University students deserve snow days too

Image by: Curtis Heinzl

When most of us think back on our fondest memories from elementary, junior high, and secondary school, the absolute first thing to come to mind are snow days.

They’re hard not to miss at university. There hasn’t been a snow day at Queen’s in recent memory, despite many days where weather made the trek to campus treacherous. This is Canada after all, and there have been plenty of snowy-enough days yet we’re still deprived of even one.

Here in Kingston, the snow clearing isn’t exactly the best. Nothing ruins a good day like waking up to what can only be described as an impending battle against the elements.

Wet socks are not a threat but a guarantee. Not having a car makes travel dreadful, and getting to the bus is not much easier than walking. Often, even awkwardly shuffling along the frozen sidewalks isn’t enough to protect yourself from a fall.

Inclement weather can create dangerous barriers to accessibility that snow days could provide a solution for, if only the University would sacrifice a school day for our safety.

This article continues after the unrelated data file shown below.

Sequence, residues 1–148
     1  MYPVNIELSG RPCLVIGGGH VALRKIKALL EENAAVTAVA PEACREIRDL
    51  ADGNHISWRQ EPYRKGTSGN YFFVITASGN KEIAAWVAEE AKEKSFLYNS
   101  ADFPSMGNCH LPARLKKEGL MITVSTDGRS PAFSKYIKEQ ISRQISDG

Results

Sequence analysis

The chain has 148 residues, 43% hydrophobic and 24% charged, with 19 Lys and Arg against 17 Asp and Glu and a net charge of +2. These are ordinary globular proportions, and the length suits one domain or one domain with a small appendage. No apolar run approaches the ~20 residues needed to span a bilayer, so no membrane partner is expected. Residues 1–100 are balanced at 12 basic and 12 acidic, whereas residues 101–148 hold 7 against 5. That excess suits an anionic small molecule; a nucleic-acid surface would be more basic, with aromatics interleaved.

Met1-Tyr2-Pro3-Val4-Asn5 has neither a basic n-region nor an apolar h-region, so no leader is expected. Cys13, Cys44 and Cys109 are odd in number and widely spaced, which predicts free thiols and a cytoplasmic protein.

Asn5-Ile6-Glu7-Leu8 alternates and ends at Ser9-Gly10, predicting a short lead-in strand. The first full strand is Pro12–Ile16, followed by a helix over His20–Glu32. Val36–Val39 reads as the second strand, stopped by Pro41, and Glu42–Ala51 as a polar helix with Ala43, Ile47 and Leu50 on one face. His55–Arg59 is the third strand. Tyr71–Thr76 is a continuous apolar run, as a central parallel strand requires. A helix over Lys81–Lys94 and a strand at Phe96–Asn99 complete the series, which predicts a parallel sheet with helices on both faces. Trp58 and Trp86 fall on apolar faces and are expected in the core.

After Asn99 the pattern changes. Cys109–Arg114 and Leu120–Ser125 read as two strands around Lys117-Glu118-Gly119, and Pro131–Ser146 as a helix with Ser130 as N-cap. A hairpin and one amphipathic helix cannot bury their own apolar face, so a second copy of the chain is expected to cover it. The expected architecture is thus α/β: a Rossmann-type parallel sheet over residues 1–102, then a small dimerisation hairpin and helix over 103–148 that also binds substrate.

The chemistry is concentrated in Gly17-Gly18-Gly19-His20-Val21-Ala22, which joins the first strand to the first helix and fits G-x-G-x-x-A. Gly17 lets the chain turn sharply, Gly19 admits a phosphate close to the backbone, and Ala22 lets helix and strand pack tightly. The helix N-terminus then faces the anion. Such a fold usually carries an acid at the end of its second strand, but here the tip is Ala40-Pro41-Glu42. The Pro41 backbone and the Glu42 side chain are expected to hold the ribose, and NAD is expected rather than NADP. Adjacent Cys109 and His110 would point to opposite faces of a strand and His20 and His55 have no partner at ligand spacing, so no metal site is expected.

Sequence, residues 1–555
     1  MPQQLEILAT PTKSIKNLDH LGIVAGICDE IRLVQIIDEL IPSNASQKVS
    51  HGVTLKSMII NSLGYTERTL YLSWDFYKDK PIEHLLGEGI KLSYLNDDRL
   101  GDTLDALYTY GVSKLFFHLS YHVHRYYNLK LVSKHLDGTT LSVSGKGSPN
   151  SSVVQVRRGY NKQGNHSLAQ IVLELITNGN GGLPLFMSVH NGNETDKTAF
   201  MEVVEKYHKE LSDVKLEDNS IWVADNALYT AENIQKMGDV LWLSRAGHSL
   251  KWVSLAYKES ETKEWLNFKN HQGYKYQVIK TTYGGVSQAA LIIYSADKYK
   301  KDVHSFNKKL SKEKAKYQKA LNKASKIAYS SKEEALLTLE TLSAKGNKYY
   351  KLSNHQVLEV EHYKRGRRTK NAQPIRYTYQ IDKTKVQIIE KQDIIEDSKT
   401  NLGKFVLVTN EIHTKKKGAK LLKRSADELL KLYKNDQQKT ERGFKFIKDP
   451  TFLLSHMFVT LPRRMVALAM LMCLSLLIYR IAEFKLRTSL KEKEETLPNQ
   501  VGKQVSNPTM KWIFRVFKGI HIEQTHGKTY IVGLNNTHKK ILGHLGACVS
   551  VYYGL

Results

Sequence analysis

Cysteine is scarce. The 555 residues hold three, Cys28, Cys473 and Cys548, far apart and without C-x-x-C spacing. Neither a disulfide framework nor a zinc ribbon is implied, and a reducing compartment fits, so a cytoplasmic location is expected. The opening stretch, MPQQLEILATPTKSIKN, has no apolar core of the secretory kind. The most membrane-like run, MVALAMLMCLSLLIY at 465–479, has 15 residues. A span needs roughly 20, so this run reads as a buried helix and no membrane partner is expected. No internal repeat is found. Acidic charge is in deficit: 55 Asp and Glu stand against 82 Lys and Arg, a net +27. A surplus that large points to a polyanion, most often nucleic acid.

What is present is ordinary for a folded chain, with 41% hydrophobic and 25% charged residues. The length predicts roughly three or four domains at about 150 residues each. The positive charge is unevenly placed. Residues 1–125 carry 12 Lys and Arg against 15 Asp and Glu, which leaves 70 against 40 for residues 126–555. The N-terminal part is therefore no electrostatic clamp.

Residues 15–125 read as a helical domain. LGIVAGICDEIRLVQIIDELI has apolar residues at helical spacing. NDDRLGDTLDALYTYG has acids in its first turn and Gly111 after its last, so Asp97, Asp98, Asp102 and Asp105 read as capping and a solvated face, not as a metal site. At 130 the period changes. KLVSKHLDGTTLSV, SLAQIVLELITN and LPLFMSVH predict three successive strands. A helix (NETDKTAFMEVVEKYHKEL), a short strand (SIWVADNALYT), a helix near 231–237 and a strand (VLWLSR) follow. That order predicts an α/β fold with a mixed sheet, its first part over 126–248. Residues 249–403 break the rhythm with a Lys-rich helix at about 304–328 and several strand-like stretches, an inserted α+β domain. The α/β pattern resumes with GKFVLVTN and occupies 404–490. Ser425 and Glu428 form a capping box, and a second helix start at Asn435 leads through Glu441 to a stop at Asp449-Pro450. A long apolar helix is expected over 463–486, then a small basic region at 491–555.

Snow days also provide much-needed mental health breaks. They’re a chance to catch up on a favourite TV series or read that book you’ve been meaning to finish. Let’s also not forget the value of a good night’s sleep: getting enough sleep can reduce stress, improve mood, increase productivity, and promote good immune health.

At least 60 per cent of university students are not getting enough sleep, so the occasional snow day would be a welcome opportunity to recuperate. Going out in the snow to make snow angels or have a good old-fashioned snowball fight is also an amazing way to get endorphins flowing, and sucking up vitamin D from the sun is a splendid way to get the skin glowing.

Snow days aren’t just about getting out of school. Although the breaks are welcome and appreciated, snow days are an important Canadian tradition we should work to uphold at all levels of school and even in the workplace.

Think back to playing snow day roulette with your friends, or staying up to see the first few flakes start to fall. Fun superstitions like wearing pajamas inside out or flushing an ice cube down the toilet while sending prayers to Jack Frost to summon the flurries can provide some much-needed excitement during our long, dark Canadian winters.

Snow days provide opportunities to create traditions unique to Queen’s, foster a sense of community, and allow students, staff, and faculty alike to recharge. 

Alexis is a third-year life sciences student and a member of The Journal’s BIPOC Advisory Board.


childhood, Mental health, nostalgia, snow day, Student life, winter

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